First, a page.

The Three That Speak To Us: “20 Questions,” “Chicken,” and “Dog That I Am”

The Best American Poetry edition of 2004 is filled with an abundance of astounding poems published that year. After a considerable amount of discussion we decided on three poems in our volume that particularly spoke to us while reading them. These three poems include “20 questions” by Alan Bernheimer, “Chicken” By Kim Addonizio, and “Dog that I am” by Gerald Stern. All three of these poems bring up real world problems and impact the reader in one way or another. These poems also present a clear message to its readers while incorporating creative writing and interesting ideas. Another attribute that stood out to us about the poems is there accessibility to readers. Many of the poems in our volume were unnecessarily hard to understand while these three poems made the message clear to the readers while also leaving some room for interpretation.

20 Questions

“20 Questions” by Alan Bernheimer is a  poem that  is a series of twenty questions, that cover multiple issues within society. The inspiration for this poem started after the terrorist attacks that took place on September 11, 2001. Mr. Bernheimer  had heard on the radio that poetry was too personal to respond to events so large and horrific. This inspired the first question of the poem in which Bernheimer asks, “What can be said of the unspeakable that has not already been unsaid”. Over the next three years Bernheimer would go on to write nineteen more questions that challenge the readers view on society. Mr. Bernheimer also made the choice to not include question marks on any of the twenty questions. This allows for the reader to create their own mini questions like they would in an actual game of twenty questions. This allows for the reader to really grab ahold of the poem and make it their own. This could stem from the fact the poem is written in free verse and doesn’t really follow any typical outline for a poem. This poem is very important for high school students to read because it makes us go into society has adults not just accepting what or how it is. That’s really important because it allows for people to call out the problems that they see and that can lead to change and usually change leads to better things. We think that this poem is important to study because of the fact it is calling for a change in society.



The poem “Chicken” by Kim Addonizio is a poem that stood out to me in the 2004 Best American Poetry edition and is one that I have spent a considerable amount of time on throughout this semester. This poem spoke to both Lindsey and I for numerous reasons. The poem takes the well known question “Why did the chicken cross the road?” and gives a deeper meaning to it by addressing the problem of poultry. Right off the bat it is very clear what the authors opinion is. Through her use of free verse, Addonizio calls to the reader’s attention the crime of caging animals and that humans are the ones who are doing this horrible crime. If the chicken and other farm animals were not caged up by humans they would have the capability to be free. An interesting component in this poem that the author adds is she relates the chicken escaping her cage to a convict escaping from jail. In the end, the convict escapes and gets away with it, while the chicken remains confined. Addonizio adds an interesting twist at the end saying, “He’ll make it to a farmhouse Where kind people will feed him They’ll bring green beans and bread, home brewed hops”. Here the author is implying that when the convict escapes he is fed the innocent chicken by the farmers. Through this poem Addonizio communicates to her readers the inequalities and injustices of our world. Her mention of god in lines like “God knows how she got out, God sees everything” shows the importance and significance of this poem and that in some way there has to be an explanation for what goes on in this world. Addonizio’s use of language and swears also further accentuate her passion towards poultry that create a considerably persuasive poem that makes a great impact on its readers.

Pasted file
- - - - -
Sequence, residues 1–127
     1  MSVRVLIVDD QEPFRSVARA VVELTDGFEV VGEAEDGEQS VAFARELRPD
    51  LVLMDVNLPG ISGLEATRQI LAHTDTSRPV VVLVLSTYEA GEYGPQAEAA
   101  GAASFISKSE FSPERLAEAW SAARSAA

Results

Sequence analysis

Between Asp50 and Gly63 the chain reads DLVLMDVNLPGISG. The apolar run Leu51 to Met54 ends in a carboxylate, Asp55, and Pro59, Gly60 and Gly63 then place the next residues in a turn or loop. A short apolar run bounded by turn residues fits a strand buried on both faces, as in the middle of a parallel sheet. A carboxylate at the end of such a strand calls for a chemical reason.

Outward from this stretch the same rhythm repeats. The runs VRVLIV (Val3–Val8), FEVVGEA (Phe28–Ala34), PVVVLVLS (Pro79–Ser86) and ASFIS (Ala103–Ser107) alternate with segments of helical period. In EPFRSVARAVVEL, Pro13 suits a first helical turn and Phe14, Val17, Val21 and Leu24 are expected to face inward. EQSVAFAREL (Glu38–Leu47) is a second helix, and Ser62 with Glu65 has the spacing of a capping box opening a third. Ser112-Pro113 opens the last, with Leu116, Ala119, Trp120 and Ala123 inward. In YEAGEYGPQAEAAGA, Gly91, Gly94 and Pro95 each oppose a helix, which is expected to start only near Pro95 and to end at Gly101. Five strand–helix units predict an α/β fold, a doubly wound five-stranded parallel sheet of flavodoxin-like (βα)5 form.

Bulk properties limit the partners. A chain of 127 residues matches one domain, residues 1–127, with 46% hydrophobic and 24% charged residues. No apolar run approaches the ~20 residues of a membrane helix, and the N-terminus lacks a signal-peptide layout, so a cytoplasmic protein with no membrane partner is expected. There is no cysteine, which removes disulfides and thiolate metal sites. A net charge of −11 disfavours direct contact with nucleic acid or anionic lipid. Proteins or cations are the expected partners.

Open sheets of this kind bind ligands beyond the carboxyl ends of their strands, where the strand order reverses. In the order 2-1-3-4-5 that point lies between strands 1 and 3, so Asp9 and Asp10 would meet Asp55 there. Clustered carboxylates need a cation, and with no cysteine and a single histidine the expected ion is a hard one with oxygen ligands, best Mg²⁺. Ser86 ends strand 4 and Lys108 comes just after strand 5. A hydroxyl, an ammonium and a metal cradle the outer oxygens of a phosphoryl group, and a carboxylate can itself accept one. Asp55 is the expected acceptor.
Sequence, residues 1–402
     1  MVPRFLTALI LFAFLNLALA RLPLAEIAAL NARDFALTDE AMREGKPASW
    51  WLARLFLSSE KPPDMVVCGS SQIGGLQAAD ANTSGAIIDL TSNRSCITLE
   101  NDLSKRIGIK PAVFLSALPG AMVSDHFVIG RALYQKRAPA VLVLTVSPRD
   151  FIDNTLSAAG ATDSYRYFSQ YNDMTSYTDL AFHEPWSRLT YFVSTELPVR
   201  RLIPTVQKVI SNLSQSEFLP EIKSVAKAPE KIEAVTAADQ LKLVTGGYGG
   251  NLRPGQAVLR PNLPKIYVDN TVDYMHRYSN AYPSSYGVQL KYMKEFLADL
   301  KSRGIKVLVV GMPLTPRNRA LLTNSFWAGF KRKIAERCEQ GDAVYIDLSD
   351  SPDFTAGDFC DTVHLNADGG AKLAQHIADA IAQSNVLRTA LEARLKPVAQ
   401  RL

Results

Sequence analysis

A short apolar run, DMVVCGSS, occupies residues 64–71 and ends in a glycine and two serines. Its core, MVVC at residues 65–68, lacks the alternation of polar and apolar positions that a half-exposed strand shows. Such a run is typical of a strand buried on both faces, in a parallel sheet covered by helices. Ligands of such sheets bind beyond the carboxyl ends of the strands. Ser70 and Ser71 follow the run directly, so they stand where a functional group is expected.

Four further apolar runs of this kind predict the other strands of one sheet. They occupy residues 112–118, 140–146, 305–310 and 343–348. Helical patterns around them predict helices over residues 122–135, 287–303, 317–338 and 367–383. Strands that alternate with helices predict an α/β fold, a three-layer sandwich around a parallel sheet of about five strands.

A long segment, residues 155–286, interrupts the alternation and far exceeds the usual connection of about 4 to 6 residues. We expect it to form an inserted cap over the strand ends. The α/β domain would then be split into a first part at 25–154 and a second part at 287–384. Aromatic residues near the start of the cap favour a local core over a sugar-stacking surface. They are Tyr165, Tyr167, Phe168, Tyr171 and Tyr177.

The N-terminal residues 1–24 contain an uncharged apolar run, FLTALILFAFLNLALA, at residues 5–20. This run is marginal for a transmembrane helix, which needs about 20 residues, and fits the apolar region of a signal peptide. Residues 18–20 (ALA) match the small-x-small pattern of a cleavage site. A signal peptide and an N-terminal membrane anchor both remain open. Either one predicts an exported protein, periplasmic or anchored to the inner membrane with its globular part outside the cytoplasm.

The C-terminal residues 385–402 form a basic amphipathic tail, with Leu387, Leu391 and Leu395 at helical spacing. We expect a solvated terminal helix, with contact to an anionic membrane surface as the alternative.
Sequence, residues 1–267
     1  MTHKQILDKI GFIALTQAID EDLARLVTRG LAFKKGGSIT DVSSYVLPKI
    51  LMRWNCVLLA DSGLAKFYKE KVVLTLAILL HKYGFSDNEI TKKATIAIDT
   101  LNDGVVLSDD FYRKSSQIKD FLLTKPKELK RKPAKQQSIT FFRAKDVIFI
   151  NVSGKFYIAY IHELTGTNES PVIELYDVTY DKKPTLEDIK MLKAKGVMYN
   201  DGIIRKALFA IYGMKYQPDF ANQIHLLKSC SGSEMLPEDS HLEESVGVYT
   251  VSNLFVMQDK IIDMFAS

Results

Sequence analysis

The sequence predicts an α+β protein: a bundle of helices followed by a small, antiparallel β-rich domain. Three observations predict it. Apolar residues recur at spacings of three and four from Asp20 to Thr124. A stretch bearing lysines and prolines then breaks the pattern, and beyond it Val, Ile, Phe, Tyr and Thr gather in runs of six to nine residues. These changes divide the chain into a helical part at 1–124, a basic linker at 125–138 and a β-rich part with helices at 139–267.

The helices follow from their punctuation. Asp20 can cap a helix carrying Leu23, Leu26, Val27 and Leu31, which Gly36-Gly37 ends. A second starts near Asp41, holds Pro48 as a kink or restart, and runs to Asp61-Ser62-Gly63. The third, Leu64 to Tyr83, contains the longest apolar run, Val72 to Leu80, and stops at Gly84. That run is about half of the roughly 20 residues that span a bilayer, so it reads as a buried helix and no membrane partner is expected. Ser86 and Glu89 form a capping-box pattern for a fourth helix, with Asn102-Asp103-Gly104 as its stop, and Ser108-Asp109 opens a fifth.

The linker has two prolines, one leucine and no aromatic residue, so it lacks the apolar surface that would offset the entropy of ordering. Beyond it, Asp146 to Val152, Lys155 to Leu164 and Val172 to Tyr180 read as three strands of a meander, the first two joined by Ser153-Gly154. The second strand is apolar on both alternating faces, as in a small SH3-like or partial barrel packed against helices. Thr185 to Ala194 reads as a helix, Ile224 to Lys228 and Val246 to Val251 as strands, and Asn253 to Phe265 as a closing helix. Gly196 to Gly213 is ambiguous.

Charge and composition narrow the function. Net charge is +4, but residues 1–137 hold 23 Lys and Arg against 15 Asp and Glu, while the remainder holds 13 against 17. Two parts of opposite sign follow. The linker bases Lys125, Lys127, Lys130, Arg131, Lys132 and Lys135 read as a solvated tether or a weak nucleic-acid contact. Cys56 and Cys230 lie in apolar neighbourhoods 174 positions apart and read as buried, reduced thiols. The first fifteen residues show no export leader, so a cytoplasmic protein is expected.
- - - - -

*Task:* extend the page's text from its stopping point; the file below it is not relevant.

Dog That I Am

“Dog That I Am” by Gerald Stern is about a failed love affair the poet himself lived through. Although the poem is very specific to his love affair it still teaches a very important lesson to the reader. The reader is able to learn the signs of what a toxic relationship looks like when one using and emotionally abusing the other. As the reader you can see the emotional toll the relationship is taking on the speaker when it says “I could be from Rome waiting for her command,”. The speaker is so trapped by their lover they are so submissive to their lover, so when the speaker tries to leave at the end of the poem they have this call back to the relationship, “I scream outright at the likeness.”. As the reader you feel like you are living through this abuse with the speaker. This is very important for high school students to read because we are in some form of relationship, whether it be with a lover, or a friend, or some other kind we need to be able to see if the relationship is causing us more harm than good. So many people are in emotionally abusive relationships and are unaware of it.  This poem makes its extremely easy for that. The poem is written in free verse which makes the poem easier to read and understand. Although, it is  all very simple language and is a shorter poem, so its super accessible for students, however it still holds a deeper meaning. We think this is important poem to read because as students we need to be more educated on real life situations, such as an emotionally abusive relationship.

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